Work life balance has surpassed salary as the primary motivator for New Zealand professionals for the first time, according to The Hiring Report: The State of Hiring in New Zealand 2015.
More than two-thirds (69%) of professionals were motivated by ‘work life balance, including flexible arrangements’ when looking for a new role, with both men (48%) and women (52%) near equally valuing work life balance as their top priority.
This was followed by higher salary (68%) and cultural fit (63%), career progression and/or training opportunities (56%), better benefits (48%) and better alignment with a company’s values (38%) while only 10% were motivated by a better job title.
The results may, in part, be driven by the stagnation of salary levels in recent years.
While it remains to be seen if this represents a permanent cultural shift, it clearly shows that employees want more than just a pay cheque and that the importance of understanding what motivates people has never been more critical to ensuring organisational success.
“Most of us want to do a decent day’s work, make our mark and achieve in our jobs – but more and more we want to do so with balance in our life and with like-minded peers in an environment where we feel valued,” says Roman Rogers, Executive General Manager, Hudson New Zealand.
“A common purpose, shared beliefs and united vision can make the difference between a disengaged employee who works to live, and a passionate one who loves to work.
“We especially see this come through at higher levels of organisations, where cultural fit was rated the number one priority by 69% of senior executives.”
Sourcing and attracting talent a complex game
Sourcing and attracting top talent continues to be challenging, and the rise and evolution of the digital landscape has created an increasingly complex job market.
“Effective hiring is two-way. It starts with what the employer wants – mapping the skills and experience, roles and responsibilities, aptitude and traits they need,” Rogers adds.
“From there, the focus needs to shift to understanding what the ideal candidate wants, to develop a compelling employee value proposition.”
And, this is particularly important as digital media gives unprecedented access to candidates.
“What we’ve found is that three-quarters (77%) of the workforce, whether actively looking for a new role or not, is open to being approached by recruiters,” Roger adds.
“It’s human nature to be curious about new opportunities, yet what begins as curiosity could lead to a more serious issue for employers: retention.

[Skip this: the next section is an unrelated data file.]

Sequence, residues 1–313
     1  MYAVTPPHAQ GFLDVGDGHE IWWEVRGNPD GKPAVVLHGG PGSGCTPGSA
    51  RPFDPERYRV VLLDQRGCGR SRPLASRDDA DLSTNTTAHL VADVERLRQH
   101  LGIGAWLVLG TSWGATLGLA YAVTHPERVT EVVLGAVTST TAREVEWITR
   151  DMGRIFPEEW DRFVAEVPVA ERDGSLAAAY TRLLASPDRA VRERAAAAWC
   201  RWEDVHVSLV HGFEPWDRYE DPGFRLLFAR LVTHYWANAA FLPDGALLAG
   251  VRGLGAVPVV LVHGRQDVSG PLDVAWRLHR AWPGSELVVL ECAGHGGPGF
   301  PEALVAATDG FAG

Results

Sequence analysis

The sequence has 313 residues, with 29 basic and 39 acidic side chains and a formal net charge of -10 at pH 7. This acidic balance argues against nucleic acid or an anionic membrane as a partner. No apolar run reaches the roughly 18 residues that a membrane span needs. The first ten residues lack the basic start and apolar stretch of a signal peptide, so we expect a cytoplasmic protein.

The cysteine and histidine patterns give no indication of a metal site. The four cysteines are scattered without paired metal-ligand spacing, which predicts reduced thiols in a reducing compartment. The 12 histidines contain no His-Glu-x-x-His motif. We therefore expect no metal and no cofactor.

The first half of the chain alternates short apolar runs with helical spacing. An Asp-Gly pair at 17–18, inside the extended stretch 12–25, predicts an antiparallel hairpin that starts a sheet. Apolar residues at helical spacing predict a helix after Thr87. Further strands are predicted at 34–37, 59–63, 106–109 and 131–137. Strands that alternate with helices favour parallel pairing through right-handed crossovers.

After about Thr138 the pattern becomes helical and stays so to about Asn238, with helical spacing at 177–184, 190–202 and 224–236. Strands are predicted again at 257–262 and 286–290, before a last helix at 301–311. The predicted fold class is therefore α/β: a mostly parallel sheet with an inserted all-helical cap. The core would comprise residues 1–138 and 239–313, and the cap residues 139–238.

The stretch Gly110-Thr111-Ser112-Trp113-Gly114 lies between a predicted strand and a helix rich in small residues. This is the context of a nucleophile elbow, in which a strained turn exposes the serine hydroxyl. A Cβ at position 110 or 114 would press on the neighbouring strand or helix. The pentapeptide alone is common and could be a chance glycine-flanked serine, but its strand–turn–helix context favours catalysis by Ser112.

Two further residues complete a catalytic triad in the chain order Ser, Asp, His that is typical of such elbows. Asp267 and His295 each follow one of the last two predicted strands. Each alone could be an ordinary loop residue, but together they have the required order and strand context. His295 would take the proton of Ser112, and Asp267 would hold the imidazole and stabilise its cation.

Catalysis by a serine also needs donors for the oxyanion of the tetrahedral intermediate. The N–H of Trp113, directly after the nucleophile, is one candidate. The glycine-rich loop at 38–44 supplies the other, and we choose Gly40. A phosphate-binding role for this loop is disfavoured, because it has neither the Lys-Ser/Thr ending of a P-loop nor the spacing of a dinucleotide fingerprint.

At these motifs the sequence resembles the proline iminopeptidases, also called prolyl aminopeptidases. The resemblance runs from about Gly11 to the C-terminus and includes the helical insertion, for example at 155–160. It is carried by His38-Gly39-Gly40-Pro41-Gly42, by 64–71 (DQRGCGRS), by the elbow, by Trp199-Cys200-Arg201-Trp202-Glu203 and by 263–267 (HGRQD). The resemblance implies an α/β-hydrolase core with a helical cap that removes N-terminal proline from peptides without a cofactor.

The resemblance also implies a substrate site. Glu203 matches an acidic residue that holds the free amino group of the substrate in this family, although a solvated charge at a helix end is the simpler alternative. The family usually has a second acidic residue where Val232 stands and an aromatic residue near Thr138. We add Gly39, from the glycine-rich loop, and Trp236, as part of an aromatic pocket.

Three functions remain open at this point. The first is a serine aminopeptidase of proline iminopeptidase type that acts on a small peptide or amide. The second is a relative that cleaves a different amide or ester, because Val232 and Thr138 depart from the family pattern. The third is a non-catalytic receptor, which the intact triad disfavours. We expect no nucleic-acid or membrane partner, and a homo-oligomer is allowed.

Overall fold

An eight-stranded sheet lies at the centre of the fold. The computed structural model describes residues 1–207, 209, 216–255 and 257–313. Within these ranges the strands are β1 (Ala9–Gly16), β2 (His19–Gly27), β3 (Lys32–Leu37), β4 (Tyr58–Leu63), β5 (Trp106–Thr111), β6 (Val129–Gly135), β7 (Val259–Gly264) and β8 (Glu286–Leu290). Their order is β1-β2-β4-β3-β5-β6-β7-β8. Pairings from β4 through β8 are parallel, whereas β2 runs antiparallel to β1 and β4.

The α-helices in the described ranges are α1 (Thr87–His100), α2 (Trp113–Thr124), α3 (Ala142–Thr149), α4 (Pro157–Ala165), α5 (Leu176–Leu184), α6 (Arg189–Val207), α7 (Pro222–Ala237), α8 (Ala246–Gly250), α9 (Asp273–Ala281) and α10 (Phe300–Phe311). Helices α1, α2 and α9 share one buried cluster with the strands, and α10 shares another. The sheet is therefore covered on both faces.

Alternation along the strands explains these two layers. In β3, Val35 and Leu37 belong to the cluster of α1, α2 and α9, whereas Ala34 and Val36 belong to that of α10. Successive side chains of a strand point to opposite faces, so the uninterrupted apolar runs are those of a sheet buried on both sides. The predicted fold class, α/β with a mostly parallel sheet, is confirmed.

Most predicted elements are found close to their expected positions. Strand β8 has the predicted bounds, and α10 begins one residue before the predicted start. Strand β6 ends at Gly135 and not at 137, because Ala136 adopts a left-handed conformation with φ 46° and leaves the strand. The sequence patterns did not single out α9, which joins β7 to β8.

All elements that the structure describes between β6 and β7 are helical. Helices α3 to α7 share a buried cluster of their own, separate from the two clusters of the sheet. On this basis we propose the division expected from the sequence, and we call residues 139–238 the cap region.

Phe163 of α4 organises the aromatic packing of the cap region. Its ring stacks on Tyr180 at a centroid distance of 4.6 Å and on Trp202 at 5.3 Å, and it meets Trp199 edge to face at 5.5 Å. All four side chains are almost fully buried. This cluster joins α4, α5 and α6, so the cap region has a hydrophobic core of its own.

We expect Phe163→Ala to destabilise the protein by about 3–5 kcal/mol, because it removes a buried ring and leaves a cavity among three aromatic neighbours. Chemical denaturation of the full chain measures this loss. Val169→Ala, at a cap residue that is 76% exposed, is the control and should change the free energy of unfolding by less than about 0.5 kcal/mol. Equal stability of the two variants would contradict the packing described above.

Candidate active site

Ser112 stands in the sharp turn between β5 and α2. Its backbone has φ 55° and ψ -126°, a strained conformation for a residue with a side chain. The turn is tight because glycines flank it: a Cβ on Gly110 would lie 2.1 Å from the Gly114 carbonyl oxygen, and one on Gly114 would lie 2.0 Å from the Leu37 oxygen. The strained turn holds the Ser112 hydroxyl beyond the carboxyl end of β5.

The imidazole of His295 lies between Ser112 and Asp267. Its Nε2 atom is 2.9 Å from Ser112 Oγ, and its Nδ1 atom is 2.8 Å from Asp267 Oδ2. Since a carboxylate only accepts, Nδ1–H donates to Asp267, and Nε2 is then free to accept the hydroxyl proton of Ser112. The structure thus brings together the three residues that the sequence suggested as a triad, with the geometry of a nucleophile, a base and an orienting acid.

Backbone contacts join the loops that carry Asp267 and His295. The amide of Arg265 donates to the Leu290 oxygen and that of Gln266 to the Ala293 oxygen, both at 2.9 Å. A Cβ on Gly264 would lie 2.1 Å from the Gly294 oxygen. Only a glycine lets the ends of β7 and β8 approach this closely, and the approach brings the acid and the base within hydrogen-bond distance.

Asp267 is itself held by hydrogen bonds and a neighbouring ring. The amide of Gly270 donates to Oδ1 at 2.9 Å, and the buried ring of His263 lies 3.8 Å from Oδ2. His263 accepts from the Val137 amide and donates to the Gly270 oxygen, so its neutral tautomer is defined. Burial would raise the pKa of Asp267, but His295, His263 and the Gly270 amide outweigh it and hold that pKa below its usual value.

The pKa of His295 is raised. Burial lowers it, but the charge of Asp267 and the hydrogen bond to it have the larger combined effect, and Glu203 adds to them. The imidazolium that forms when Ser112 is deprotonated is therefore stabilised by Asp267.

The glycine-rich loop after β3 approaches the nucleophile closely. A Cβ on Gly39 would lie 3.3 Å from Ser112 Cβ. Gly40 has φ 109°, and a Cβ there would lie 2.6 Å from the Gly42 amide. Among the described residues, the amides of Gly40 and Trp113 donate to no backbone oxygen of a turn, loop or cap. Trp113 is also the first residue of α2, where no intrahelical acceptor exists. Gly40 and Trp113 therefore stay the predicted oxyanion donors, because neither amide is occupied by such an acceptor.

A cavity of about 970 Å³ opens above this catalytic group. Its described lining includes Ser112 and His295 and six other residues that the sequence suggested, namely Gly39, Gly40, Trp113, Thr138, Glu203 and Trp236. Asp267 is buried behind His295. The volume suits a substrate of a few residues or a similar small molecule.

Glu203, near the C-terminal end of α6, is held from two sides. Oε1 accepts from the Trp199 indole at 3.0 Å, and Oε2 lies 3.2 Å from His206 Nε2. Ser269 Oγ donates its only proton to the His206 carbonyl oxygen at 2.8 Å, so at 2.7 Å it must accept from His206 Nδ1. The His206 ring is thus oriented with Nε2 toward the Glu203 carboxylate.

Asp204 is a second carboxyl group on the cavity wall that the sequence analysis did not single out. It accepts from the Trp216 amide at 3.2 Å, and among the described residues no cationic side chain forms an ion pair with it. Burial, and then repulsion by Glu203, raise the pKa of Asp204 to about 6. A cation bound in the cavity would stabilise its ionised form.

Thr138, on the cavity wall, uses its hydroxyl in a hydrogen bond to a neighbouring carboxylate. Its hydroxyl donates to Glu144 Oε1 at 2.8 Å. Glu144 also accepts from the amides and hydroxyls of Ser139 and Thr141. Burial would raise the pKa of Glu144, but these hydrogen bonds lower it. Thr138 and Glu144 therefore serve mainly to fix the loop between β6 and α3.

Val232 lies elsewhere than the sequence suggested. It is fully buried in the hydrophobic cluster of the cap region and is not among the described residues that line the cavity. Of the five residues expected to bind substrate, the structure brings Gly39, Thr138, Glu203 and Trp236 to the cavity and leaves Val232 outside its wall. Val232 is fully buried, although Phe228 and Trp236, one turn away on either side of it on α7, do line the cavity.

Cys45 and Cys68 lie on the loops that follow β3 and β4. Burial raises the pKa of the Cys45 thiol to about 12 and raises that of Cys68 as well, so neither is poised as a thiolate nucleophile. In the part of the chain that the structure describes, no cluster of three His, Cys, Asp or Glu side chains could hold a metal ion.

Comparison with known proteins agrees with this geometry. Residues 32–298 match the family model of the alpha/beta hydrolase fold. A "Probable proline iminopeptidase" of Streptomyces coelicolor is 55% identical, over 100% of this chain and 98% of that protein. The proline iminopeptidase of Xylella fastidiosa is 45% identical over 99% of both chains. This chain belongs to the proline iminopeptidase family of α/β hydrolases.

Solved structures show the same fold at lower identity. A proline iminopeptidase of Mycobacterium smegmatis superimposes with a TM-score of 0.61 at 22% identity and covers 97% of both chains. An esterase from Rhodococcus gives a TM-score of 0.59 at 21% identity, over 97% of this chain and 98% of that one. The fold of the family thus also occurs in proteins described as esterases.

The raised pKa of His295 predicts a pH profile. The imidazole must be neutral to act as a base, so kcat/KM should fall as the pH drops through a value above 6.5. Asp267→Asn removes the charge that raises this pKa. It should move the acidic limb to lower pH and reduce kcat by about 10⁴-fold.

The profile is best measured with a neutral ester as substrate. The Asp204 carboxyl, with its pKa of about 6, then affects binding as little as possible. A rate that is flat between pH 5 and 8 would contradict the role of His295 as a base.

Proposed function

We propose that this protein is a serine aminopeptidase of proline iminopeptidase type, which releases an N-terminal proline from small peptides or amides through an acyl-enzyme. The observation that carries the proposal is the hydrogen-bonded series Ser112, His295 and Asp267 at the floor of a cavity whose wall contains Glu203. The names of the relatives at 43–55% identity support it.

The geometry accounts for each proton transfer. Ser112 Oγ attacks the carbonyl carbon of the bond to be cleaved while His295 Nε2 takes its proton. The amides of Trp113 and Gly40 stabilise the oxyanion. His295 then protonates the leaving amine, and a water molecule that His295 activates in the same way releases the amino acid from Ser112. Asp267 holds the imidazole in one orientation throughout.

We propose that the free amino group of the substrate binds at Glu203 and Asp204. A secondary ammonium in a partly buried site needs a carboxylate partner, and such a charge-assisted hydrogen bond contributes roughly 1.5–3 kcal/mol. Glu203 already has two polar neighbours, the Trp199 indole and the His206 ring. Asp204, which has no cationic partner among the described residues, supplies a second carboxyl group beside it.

“Again this highlights the importance of understanding what makes employees tick in order to retain them.
“We’re seeing the realisation of this reflected in more rigorous hiring practices and the rise of psychometric testing in driving the creation of a more cohesive, engaged and ultimately more productive team environment.”
Other key highlights of the report include 90% of hiring managers acknowledge they need to look beyond active job seekers to find the right candidate.
Meanwhile, almost 1 in 2 hiring managers look to social media when evaluating a candidate but according to findings this should not bother most as 80% of professionals are comfortable with their online footprint.
Psychometric testing is on the rise as the risks of a mis-hire become more serious with 55% of senior executives valuing it as part of the recruitment process.
Also, the nature of writing job ads has changed forever with 75% of hiring managers now using keywords to ensure their ads have the best possible chance of being found
“Organisations cannot afford to take a vanilla approach to hiring,” Rogers adds.
“Instead they must tailor their tactics to navigate the plethora of channels available, finding the right ‘mix’ of strategy, digital, contacts, and networks nurtured over many years – it’s part science, part networks, part art.
“With the new year upon us, now more than ever organisations must think smarter in order to define, find and secure the great talent they will need to help them succeed in 2015.”
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